4) He gets treated badly by pretty much everyone, but yet he embodies the good part about humans better than any human.
5) He's stronger, smarter, and more fierce than any opponent.
6) He gets the job done.
7) He's a castoff, and I ache for him.
Well done, Paolo, well done.
The Drowned Citites is a "less nice" story than Ship Breaker, less straightforward, more violent, more filled with despair. This book explores the very grim scenario of civil war. There are not heroes here, only a lot of people trying their best to survive, to escape, to remain as sane as possible in the madness that surrounds them.
As other reviewers have said, this is a very violent story. As violent as civil wars get, there is a lot of upleasant words like "rape" and "mutilation" and "child soldiers" in this book. If you want to read a happy ending, don't let Ship Breaker misguide you, The Drowned Cities hasn't one.
This book feels also like the chance for one of Ship Breaker's best characters to shine by his own. Yes, this is a book about Tool. If you read Ship Breaker, you know what I'm talking about; if you didn't, well, trust me: it's a good thing.
A good read, you'll be through it before you know it, and still you won't be dissapointed.
As with Ian McDonald recent turn to "young adult" fiction (Planesrunner and Be My Enemy (Book Two of the Everness Series), as an adult I have been disappointed to see Bacigalupi writing young adult fiction rather than adult fiction. Although in both cases the quality of the work is not greatly harmed. Drowned Cities is well written, with well drawn characters and a memorable, but dark, future world.
The world of Drowned Cities is Liberia, Sierra Leone and the Congo brought to Washington DC and the American South. The rise of the seas has shattered the United States. Rather than investing in armoring their cities, as China has, the Southern United States has degenerated into warlordism with armies of child soldiers. The flooded cities are being mined for their raw materials while the armies fight a nihilistic war over the bones of the dead empire of the United States. For a decade China sent peace keepers to try to help and bring peace to the waring factions. The Chinese humanitarian effort came to an end as China tired of the constant guerilla fighting against their humanitarian effort.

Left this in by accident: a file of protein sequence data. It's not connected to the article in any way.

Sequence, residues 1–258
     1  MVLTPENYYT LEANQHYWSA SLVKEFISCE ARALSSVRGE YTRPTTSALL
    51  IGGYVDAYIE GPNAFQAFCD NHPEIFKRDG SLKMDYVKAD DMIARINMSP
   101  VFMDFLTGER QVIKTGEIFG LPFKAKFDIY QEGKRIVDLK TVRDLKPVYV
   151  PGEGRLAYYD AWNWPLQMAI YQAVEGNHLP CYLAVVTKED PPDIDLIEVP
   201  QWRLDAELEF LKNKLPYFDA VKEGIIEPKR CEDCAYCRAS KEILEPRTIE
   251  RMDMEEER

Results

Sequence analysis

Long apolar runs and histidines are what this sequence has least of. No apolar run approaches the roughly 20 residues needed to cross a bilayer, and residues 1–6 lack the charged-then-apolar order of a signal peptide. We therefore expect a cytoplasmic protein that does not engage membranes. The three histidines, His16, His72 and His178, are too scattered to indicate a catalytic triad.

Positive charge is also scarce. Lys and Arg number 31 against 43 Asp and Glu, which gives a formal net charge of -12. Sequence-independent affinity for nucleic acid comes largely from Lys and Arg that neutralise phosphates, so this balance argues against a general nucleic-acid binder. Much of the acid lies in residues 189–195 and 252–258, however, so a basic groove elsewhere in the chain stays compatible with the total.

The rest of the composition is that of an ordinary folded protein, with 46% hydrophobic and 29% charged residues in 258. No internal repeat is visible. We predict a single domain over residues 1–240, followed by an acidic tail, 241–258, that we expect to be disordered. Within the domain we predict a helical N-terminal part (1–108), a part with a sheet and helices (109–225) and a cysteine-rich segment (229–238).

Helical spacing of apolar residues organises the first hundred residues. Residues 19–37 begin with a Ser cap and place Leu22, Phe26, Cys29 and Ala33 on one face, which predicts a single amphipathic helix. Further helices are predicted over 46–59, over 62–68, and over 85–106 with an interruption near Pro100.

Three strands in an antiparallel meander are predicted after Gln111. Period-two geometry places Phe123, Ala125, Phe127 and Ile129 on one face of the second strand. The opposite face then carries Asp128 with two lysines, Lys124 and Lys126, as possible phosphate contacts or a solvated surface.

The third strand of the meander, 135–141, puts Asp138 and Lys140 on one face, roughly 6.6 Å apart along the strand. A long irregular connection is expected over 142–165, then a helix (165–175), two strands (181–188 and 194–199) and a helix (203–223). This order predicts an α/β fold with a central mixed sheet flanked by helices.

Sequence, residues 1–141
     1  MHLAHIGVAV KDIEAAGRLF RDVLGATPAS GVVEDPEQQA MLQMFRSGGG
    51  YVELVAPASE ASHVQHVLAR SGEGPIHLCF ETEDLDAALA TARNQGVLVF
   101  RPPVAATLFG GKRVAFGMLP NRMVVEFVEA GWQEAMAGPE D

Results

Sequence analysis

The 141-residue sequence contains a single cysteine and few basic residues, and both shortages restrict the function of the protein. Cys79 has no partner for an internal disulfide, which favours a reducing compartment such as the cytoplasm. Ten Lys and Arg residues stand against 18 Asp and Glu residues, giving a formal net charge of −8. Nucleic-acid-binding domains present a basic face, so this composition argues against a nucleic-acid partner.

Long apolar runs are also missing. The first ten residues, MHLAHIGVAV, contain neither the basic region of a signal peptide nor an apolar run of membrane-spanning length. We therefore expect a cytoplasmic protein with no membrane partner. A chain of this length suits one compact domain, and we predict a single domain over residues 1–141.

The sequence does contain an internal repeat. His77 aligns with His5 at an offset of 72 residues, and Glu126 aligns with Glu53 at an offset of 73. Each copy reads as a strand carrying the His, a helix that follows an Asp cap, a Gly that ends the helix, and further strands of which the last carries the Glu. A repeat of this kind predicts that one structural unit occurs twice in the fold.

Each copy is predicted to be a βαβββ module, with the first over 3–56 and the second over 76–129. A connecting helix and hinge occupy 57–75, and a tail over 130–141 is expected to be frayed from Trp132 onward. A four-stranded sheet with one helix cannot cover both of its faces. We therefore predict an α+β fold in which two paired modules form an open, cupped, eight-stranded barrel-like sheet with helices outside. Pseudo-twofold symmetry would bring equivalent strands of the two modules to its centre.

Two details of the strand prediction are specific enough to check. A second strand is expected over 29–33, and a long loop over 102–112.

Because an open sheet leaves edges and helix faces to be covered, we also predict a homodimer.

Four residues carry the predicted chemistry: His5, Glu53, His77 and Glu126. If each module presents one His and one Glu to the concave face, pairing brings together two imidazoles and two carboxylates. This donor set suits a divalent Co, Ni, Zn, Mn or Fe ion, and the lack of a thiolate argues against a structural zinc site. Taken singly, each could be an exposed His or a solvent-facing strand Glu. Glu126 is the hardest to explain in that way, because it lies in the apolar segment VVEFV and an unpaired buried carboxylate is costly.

When the Chinese leave, they leave behind "castoff" children, one of whom is Mahlia - a half Chinese half "Drown Cities" girl. The story is largely the story of Mahlia and her struggles to live, both physically and spiritually in this dark world of constant war.
Like everything Paolo Bacigalupi writes, Drowned Cities is a good book, but it is his darkest work yet. Just like the civil war Africa of Liberia and Sierra Leone, the Drowned Cities world is dark and horrific in many ways.
Reading this book I kept thinking "This is young adult literature?" The Drowned Cities world is extremely dark, beyond a dystopian future into the chaos of civil war and child soldiers. While there is no explicit sex in the book, as with all young adult literature, there are frequent mentions of "Nailshed Girls", who work in brothels that service the warring factions. The Drowned Cities world relentlessly exploits people, as soldiers, slave labor or sexual providers. Those who resist or are captured by rival factions are killed in terrible ways.
I don't believe in keeping books from children or "young adult" readers, but I don't think that I would give this book as a present to a young teenager. To me this seems like an adult work, but perhaps I am naive about the world of teenagers who play the current generation of ultra-violent video games.